This post is truly captivating. As an engineer I was wondering how you can possibly test the capability of the GCM to predict QUANTITATIVELY an increase in hurricanes (Paper by Knutson et al.) with increasing radiative forcing due to CO2? How significant is an increase of 2 to 11% by 2100 given the uncertainties in the climate models ? I think all policy makers who wish to spend 1% of GDP should read this post to better appreciate the uncertainties in attributing catastrophic climate events to increase CO2 levels. They would realize that although the consensus on increased global temperatures with increased CO2 levels is strong, the attribution of increased hurricane activity with increasing CO2 levels is far from being established.

  21. 21
    Urs Neu says:

    Steve: yes, of course. I was thinking of the explanation of the residual that is not explained by SSTs, or the increase that is beyond what we expect as an effect of warming, respectively.

  22. 22


    The possible impact of climate change on hurricane frequency and intensity is just one of many impacts that are very concerning. Sea level rise alone should warrant spending 1% to 2% GDP to try to mitigate. Then we can add on the most likely negative impacts on:

    Freshwater Resources, Ecosystems, Ecosystem Services, Biodiversity (inc. Ocean Acidification), Agriculture, Fisheries, Food Production,
    Public Health, and National and Human Security.

    1% – 2% GDP seems like small change to me given the many trillions of dollars that climate change is very likely to cause – let alone the human suffering. We should also not forget the suffering of nature.

    I will be adding many new Web pages on my GWMM Web site summarizing these impacts. In the meantime, I am posting them on my blog at

    Monday will feature Sea Level Rise & the Coastal Environment

  23. 23
    Steve Bloom says:

    Re #20: Raymond, to resort to an oft-used analogy, think of it like buying fire insurance. My own, I think somewhat more apt, development of that is to say that not taking strong action against climate change is like refusing to buy fire insurance after you’ve found out that the insurance agent moonlights as the local arsonist. You might get away without buying the insurance, but the smart money bets the other way.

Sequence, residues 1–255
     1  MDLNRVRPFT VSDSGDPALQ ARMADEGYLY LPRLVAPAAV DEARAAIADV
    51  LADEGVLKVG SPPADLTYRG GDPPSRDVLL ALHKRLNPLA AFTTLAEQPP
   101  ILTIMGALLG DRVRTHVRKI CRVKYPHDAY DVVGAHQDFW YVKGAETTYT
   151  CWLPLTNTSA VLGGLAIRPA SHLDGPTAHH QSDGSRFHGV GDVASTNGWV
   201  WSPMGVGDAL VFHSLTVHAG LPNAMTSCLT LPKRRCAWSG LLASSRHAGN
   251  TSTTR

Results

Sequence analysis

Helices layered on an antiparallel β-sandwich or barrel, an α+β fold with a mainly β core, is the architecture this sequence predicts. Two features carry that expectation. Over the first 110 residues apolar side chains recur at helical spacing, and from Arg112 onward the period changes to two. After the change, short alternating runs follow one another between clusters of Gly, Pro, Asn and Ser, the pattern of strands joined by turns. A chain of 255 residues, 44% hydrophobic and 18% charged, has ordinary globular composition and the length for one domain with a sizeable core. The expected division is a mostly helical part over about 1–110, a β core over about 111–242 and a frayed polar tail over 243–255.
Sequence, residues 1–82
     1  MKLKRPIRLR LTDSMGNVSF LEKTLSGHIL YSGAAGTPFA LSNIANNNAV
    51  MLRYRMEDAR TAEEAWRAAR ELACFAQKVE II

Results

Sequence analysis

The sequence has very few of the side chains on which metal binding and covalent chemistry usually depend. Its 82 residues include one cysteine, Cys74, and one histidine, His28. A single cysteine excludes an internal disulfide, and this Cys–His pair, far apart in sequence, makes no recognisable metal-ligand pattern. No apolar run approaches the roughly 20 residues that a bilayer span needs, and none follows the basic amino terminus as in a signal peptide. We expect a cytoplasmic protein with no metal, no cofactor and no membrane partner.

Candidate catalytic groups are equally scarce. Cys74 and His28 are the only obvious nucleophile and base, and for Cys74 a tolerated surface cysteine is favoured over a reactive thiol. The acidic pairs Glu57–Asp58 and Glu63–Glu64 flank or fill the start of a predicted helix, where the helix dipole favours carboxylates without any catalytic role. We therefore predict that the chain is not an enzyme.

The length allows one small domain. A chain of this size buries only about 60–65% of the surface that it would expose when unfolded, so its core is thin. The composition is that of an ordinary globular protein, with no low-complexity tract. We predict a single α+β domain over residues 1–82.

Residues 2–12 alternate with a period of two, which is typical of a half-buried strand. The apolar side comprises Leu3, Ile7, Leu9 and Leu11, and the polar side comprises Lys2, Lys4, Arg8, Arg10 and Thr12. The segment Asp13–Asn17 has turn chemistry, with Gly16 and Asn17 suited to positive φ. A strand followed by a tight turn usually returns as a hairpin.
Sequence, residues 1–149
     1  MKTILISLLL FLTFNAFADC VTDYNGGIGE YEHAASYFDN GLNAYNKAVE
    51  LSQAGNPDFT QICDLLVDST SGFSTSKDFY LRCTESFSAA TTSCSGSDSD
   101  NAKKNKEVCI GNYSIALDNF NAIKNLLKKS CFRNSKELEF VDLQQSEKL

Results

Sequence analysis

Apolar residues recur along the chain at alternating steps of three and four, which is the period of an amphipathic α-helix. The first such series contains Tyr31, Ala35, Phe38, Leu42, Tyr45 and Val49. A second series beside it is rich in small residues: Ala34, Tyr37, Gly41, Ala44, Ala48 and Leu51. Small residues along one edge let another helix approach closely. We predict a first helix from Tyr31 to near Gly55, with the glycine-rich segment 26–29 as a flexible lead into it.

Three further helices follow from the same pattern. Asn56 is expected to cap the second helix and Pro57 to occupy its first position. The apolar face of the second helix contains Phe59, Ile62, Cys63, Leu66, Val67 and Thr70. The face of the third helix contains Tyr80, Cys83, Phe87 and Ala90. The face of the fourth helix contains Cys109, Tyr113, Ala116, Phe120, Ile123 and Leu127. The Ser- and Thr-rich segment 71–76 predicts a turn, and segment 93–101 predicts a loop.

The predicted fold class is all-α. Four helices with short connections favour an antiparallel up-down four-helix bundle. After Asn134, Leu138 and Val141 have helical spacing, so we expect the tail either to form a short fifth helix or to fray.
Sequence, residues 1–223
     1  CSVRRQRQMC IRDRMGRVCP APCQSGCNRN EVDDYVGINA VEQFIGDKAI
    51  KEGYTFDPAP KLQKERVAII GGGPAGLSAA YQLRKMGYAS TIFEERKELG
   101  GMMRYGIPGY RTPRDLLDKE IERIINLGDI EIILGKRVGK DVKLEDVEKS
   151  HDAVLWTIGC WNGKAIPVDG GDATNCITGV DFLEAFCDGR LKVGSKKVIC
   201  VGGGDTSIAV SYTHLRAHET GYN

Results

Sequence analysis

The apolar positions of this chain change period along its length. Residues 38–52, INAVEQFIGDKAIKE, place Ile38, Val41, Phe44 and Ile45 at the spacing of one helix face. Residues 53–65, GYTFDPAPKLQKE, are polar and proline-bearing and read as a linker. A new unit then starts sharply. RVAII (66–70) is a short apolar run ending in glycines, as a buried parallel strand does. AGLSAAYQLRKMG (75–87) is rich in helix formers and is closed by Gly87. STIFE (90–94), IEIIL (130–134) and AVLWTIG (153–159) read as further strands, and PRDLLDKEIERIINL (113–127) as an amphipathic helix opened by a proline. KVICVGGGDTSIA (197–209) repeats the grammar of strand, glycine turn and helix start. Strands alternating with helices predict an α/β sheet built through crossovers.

Please also note that Knutson has confirmed Kerry’s results.

    The “tempest in a teapot” over TC projections (OK, it’s a big teapot) also needs to be placed in its broader context. As the planet warms, the water vapor content of the atmosphere increases (basic physics), by about 4% over the last thirty years. As this proceeds, extreme precipitation events inevitably become more common. TCs are a special class of such events, but far from the only one. Extratropical cyclones, e.g., (the sort that starred in The Perfect Storm) are far more common than TCs and are not limited by shear winds in the way TCs are. Also include just plain heavy rains of the sort we recently saw in Tennessee. See a discussion of this broader topic here.

    Finally, NOAA’s National Climatic Data Center now has a page tracking extremes.

  24. 24
    Doug Bostrom says:

    Further to Steve Bloom’s comment about insurance, we currently spend something like 6% of global GDP on insurance of various kinds. Raymond wonders about the wisdom of spending 1% of GDP to reduce our risk.

    One reasonably could argue that climate mitigation expenditures are at least as sensible as the astronomical amount of money we now spend on

    As with the capital amassed via insurance, that 1% will not vanish but in instead will end up circulating in our economy. Money spent on insurance reemerges in various forms, some used to replace value lost as per contractual arrangements, some in the form of capital investments, leaving the rest dissipated via administrative expenses and profits amassed and spent. Money spent on mitigation of climate change will be directed to a purpose benefiting us in the medium to long term, as our temporary fixation with fossil fuels becomes impossible due to supply problems. Thus mitigation money will not only help to control our risk but will also be directly beneficial to economic activity now and in the future as it is used not only to extend our current fuel supply but provide the substitutes we’re certain to require down the road.